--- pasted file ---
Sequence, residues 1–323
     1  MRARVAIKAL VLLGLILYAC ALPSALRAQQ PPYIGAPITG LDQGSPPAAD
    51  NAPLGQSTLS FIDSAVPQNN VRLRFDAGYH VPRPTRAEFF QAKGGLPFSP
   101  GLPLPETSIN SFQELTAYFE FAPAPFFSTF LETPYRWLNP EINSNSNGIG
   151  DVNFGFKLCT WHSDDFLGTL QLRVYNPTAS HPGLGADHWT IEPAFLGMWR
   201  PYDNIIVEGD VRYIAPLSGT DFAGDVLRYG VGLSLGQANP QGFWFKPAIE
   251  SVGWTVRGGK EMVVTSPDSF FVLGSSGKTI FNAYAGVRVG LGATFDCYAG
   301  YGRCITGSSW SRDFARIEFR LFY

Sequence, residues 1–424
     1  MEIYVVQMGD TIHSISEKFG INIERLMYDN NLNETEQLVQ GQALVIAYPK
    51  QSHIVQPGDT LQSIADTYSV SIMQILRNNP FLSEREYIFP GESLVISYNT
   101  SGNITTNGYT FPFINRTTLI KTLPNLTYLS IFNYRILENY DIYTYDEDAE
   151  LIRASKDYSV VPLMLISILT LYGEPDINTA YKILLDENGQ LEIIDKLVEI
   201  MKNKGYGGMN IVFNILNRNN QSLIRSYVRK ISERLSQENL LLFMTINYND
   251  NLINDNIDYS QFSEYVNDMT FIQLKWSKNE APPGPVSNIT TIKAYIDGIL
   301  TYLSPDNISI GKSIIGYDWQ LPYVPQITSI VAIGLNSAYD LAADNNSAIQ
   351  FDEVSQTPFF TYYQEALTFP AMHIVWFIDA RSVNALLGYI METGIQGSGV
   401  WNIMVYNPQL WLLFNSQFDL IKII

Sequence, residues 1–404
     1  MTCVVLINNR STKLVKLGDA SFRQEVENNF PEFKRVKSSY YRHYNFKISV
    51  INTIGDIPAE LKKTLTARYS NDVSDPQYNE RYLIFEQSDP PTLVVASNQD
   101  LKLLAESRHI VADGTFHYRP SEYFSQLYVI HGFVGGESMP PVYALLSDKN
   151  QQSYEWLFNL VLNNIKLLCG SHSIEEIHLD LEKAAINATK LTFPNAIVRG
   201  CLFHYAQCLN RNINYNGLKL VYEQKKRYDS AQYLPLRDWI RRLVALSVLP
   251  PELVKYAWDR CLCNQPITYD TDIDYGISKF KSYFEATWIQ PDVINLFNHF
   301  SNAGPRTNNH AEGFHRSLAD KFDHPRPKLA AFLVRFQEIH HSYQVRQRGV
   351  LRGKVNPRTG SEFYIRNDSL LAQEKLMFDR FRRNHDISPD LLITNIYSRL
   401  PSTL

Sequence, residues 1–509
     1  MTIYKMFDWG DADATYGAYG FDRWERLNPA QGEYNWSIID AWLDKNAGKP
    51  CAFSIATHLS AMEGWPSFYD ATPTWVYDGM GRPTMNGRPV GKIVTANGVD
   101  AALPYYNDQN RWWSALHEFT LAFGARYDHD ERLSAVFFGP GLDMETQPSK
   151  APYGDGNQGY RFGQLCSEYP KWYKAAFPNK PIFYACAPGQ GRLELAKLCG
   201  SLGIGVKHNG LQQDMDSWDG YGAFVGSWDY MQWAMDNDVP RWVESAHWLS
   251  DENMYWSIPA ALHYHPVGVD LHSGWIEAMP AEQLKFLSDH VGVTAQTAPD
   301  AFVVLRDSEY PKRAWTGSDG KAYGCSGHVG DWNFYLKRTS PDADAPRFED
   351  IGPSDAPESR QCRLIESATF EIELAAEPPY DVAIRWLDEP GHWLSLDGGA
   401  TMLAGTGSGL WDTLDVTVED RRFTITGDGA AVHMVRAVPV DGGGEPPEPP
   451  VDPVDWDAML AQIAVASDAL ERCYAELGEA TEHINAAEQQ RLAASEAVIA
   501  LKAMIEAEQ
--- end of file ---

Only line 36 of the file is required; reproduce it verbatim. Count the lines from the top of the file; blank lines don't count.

   301  AFVVLRDSEY PKRAWTGSDG KAYGCSGHVG DWNFYLKRTS PDADAPRFED